have continually graduated from the system of on-site Annual Appraisal of the banks by the RBI
followed in the 1970s to the system of Annual Financial Review during the 1980s, then on to the
Annual Financial Inspection of stand-alone banks during the 1990s and further on to the consolidated
supervision of financial conglomerates so as to address the supervisory concerns on a group-wide
basis. The off-site monitoring of the banking system was also introduced in 1995 as a part of the
supervisory strategy of ongoing supervision of the banks, so as to supplement the periodical full-
scope on-site bank examinations. The supervisory rating models (CAMELS and CACS), based on
crucial prudential parameters, were also developed by the RBI to provide a summary view of the
overall health of the banks. The Prompt Corrective Action (PCA) Framework was put in place to
enable timely intervention in case of any incipient stress in a bank. The latest supervisory initiative
has been the introduction of risk-based supervision of the banks so as to move away from transaction
audit and to enable the modulation of the supervisory efforts in tune with the risk profile of the banks
and to achieve optimal deployment of the scarce supervisory resources. Last but not the least, the
Board for Financial Supervision, constituted in 1994 under the Chairmanship of the Governor, RBI
has been the guiding force in securing the transformation in the regulatory and supervisory apparatus
of the banking system.
While the multi-dimensional regulatory and supervisory measures are justifiably reflected in the
significantly improved prudential parameters of the Indian banking system, be it the level of NPAs or
the capital adequacy ratios, there is hardly any room for complacence. In the era of ever-increasing
financial globalisation and in the face of rapid financial innovations, all of us will continually need to
remain on a steep learning curve and upgrade our skills and knowledge to be able to meet the
emerging challenges in the financial world.

Some Elucidation Regarding the Regulatory Environment


Let me now digress a little to address a somewhat different aspect of our regulatory environment.
The Reserve Bank of India has earned, in the service of our country, a proven track record of
professionalism, which has lent it considerable credibility – both domestically and globally. This
credibility enables the RBI to confidently carry on with the reform process to be able to maintain
price and financial stability, while enabling a self-accelerating equitable growth at elevated levels.
However, as I mentioned earlier, in certain quarters, there seem to be some misunderstandings,
regarding certain dimensions of the extant prudential regulatory framework of the RBI. I would like
to briefly address some of the salient ones and explain as to how the perceptions and the reality may
not often converge.

Branch Authorisation Policy :- as you are aware, the RBI announced a new Branch Authorisation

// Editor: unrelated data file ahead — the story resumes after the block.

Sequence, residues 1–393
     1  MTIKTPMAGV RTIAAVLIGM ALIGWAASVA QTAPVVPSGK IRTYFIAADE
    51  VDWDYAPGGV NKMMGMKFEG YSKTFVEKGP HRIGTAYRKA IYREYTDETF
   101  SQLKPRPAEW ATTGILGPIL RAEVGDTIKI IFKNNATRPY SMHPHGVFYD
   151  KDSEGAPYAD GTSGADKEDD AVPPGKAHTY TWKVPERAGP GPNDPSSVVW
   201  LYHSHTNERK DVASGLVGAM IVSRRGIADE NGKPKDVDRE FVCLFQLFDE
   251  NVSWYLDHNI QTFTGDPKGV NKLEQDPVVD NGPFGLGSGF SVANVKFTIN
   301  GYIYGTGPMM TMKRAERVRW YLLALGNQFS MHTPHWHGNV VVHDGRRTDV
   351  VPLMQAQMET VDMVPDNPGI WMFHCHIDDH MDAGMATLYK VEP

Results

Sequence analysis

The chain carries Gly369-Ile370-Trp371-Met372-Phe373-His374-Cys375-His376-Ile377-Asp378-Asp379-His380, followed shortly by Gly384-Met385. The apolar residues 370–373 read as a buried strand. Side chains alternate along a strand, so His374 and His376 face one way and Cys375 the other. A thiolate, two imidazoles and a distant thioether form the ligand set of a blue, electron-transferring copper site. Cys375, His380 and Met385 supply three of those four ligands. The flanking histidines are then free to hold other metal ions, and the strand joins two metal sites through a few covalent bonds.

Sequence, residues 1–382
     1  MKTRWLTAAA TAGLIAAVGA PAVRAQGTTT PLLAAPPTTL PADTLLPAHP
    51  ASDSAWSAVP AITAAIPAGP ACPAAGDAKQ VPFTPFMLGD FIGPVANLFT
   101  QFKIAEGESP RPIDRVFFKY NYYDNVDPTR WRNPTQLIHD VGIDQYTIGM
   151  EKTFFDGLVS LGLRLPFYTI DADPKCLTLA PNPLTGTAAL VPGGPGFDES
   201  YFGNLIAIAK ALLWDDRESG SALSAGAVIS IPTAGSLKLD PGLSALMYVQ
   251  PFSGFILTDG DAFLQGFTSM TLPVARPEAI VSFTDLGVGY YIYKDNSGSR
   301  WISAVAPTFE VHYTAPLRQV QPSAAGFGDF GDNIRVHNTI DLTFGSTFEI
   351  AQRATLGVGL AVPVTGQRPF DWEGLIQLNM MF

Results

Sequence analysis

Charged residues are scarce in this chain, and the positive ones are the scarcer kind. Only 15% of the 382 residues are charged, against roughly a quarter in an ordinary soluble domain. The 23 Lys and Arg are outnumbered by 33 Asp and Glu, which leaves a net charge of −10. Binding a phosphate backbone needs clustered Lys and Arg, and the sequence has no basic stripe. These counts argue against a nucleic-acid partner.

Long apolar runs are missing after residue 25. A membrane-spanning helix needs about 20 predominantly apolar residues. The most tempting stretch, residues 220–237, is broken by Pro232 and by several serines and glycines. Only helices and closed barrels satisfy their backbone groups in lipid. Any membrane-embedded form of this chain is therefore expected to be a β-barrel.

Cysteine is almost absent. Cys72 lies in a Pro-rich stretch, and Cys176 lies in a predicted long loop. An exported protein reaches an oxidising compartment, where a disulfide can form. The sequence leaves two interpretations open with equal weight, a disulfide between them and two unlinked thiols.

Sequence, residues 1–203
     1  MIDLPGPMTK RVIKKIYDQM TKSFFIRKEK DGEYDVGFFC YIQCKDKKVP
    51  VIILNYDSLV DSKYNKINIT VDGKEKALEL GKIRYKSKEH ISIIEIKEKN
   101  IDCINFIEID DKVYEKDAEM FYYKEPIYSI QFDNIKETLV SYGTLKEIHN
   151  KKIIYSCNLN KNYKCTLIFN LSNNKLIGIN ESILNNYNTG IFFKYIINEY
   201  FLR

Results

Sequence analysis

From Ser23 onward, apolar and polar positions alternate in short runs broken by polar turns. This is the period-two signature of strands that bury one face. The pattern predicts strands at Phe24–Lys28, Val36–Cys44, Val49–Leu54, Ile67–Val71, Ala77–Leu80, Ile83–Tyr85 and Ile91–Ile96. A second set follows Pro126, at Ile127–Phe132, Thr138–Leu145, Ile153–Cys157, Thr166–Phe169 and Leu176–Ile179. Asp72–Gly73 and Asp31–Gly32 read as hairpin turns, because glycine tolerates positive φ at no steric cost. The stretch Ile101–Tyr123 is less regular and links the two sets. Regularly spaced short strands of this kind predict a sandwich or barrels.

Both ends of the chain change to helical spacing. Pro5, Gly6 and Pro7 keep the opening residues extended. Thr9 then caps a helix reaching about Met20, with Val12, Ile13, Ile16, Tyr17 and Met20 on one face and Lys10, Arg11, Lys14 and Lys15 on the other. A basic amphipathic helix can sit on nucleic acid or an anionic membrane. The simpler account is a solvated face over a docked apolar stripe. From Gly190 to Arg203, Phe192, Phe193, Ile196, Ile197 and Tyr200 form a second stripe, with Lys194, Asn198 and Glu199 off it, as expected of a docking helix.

Policy in September 2005 under which certain changes were brought about in the authorisation
process adopted by the RBI for the bank branches in the country. As against the earlier system,
where the banks approached the RBI, piece meal, through out the year for branch authorisation, the
revised system provides for a holistic and streamlined approach for the purpose, by granting a bank-
wise, annual aggregated authorisation, in consultation and interaction with each applicant bank.
The objective is to ensure that the banks take an integrated view of their branch- network needs,
including branch relocations, mergers, conversions and closures as well as setting up of the ATMs,
over a one-year time horizon, in tune with their own business strategy, and then approach the RBI for
consolidated annual authorisations accordingly.
There seems to be some misunderstanding in some quarters that, under the new policy, the banks
have to wait for the annual authorisation exercise and are constrained in approaching the RBI for
any emergent authorisation in between. Since the branch expansion planning of the banks is expected
to be a well thought out, Board-approved annual process, normally, there should be no need for any
emergent or urgent authorisation being required by the banks, in the interim. However, I would like
to emphasise that the new policy does not preclude the possibility of any urgent proposals for
opening bank branches being considered by the RBI even outside the annual plan, specially in the
rural / under-banked areas, anytimeduring the year. This flexibility has been clearly articulated in our
policy guidelines as contained in theMaster Circular of July 2007 but somehow, it seems to have got
overlooked. There also seems to be a feeling among some banks that under the new authorisation
policy, the process adopted is more cumbersome and, as a result, there have been delays in issuing
authorisations.
Since the banks are required to approach the RBI only after obtaining the approval of their respective
Boards for their annual branch expansion plan, it is possible that the preparatory time required for
filing their annual plan with the RBI might be a little longer. The processing time at the end of the
RBI, however, has been generally in the range of one to two months – which I consider to be